During February 2004, a salvage excavation was conducted at ‘Elabbon (Permit No. A-5878; map ref. 237875–914/749662–94), in the wake of exposing a layer of ash and a concentration of potsherds prior to construction. The excavation, on behalf of the Israel Antiquities Authority, was directed by N. Feig (field photography and surveying), with the assistance of Y. Ya‘aqobi (administration), A. Shapiro (GPS and probe trenches), H. Tahan (drawing of finds) and G. Cinamon.
The excavation was conducted at an ancient site (c. 7 dunams) that had not been excavated previously, within the precincts of ‘Elabbon. The excavation area (4 × 6 m; Fig. 1) was located in an olive grove, on the slope of a hill, on the northeastern fringes of the settlement. A habitation level dating to the Roman and Byzantine periods was exposed (Fig. 2).
Surveys in the region recorded burial caves and rock-hewn tombs that dated to the Late Roman and Byzantine periods. There is a spring house within the village, whose date is unclear. V. Guérin, who visited ‘Elabbon at the end of the nineteenth century CE mentions the remains of a synagogue. The site is identified with ‘elbo, the seat of the Ha-Koz division of the priestly order, who fled Jerusalem after the destruction of the Second Temple. Other priestly families arrived in this area, among them the Jachin division who settled in Kefar Yohanna, identified with Deir Hanna, and the Delaiah division who settled in Zalmon,identified with Horbat Zalmon.
Prior to the excavation, mechanical equipment removed the layer of soil (thickness 2 m) in which olive trees were planted. Beneath this layer were accumulations of soil (thickness 0.8–1.0 m) that contained several potsherds, originating from the hilltop (tell?), which included a jar (Fig. 3:1) and a cooking pot (Fig. 3:2) dating to Middle Bronze Age IIA, two worn fragments of kraters from Iron Age II and a jar from the Persian period (Fig. 3:3). A well-tamped light yellow habitation level (L101, L102, L104; thickness 0.15–0.20 m; Fig. 4) was exposed below the soil accumulations. This level was set on a bedding of heavy brown soil, which contained a layer of ash (thickness 0.2 m) that was discerned along the excavation’s northern balk. Soil fill (L103; thickness c. 0.2 m; Fig. 5) intentionally deposited on the bedrock was exposed beneath the brown soil.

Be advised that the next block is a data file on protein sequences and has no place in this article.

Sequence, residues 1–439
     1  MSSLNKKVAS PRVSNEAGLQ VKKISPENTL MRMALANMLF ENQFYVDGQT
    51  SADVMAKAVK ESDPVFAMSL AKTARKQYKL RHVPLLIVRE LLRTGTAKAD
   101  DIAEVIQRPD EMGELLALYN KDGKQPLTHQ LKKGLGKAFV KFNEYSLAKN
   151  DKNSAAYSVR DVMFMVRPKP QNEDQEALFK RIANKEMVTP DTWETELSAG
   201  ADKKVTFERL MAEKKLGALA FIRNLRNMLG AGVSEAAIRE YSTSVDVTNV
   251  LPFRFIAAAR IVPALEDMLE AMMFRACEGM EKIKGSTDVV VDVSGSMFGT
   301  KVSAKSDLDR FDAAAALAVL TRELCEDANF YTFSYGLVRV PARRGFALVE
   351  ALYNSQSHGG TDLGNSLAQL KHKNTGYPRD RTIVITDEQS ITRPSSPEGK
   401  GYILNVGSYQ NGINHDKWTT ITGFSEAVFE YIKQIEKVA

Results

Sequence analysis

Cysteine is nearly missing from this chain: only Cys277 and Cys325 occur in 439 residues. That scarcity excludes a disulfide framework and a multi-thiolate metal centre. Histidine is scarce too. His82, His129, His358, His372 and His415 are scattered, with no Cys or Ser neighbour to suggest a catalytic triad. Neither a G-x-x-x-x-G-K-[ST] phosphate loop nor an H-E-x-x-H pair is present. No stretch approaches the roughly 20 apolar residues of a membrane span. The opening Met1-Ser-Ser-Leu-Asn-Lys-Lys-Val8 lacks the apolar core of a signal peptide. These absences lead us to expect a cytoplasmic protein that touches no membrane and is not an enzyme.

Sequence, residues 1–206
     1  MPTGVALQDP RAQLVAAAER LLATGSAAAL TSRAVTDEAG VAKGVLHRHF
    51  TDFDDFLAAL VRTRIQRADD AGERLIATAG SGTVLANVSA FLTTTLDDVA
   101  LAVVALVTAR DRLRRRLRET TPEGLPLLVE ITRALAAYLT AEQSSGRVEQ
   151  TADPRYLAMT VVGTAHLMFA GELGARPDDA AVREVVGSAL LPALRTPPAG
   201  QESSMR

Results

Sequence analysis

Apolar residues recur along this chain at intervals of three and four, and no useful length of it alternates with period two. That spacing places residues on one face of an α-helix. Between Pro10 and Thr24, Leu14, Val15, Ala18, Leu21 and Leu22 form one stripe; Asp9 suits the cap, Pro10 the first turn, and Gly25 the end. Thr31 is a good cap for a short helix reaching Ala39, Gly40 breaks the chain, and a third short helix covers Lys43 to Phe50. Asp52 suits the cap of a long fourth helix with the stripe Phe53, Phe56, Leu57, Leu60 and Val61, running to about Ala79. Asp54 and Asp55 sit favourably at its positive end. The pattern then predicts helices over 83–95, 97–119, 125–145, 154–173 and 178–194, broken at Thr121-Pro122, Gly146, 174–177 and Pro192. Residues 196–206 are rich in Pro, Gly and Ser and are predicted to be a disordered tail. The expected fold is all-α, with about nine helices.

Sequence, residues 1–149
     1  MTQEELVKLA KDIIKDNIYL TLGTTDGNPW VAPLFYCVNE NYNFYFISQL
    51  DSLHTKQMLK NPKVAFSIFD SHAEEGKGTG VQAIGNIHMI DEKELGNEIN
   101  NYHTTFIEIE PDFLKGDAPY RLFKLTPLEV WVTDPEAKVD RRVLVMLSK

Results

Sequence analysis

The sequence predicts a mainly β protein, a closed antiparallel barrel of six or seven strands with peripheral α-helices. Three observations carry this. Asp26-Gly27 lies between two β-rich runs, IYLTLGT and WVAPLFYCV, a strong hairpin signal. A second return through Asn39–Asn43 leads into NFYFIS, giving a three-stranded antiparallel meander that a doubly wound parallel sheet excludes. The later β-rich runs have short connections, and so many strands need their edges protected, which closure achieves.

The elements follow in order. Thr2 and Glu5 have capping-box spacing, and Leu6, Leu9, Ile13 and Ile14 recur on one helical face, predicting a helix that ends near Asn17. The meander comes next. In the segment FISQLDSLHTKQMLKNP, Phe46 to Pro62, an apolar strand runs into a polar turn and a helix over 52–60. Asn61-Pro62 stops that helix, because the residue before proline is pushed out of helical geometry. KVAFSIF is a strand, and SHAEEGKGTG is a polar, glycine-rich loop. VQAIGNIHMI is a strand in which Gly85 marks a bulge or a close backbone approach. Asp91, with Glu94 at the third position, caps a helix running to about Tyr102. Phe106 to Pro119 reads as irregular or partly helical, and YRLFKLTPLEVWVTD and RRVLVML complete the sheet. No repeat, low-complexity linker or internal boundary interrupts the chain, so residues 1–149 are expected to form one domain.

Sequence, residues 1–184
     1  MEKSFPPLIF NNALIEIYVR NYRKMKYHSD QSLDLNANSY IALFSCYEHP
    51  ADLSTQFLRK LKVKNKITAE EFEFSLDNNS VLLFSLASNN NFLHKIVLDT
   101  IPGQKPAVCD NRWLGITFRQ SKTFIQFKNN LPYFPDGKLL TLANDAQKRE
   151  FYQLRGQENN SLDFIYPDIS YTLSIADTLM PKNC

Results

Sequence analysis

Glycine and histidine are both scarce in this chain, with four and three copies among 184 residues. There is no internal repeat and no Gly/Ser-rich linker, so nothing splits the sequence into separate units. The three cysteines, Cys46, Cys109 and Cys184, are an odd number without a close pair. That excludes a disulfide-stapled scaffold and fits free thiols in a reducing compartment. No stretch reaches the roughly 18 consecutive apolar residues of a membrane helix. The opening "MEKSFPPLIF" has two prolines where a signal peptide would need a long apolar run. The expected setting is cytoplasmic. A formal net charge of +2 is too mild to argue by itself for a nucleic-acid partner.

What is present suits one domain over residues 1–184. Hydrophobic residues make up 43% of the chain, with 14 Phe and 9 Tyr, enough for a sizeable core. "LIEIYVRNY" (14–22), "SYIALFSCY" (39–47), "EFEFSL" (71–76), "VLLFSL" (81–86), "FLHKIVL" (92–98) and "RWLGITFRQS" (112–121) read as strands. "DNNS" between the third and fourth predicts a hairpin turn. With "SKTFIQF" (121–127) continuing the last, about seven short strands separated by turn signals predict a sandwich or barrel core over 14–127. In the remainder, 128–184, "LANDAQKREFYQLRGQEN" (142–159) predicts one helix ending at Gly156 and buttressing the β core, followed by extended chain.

Ceramic finds were discovered on the well-tamped habitation level and in the brown soil beneath it. These included a few potsherds, such as cooking pots (Fig. 3:4, 5) from the Early Roman period, a variety of sherds, including a Kefar Hananya Type 1B bowl (Fig. 3:6), a Kefar Hananya Type 3B cooking pot (Fig. 3:7), a closed cooking pot (Fig. 3:8), and jars produced in the pottery workshop of Ahihud (Fig. 3:9, 10) from the Roman period, as well as sherds from the Byzantine period, including bowls (Fig. 3:11–13), two of which are Kefar Hananya Type 1E (Fig. 3:11, 12) and imported red-burnished vessels, including bowls (Fig. 3:14–16), predominantly Late Roman C Type 3 bowls (Fig. 3:15, 16).
It is possible that the discovered habitation level was part of an installation, which was connected to a settlement located at the site in the Roman (second–fourth century CE) and Byzantine periods. The date of the finds matches that of the burial caves and the tombs that had been surveyed in the vicinity and underlines the hypothesis that a settlement existed at the site during the Mishnah and Talmud times.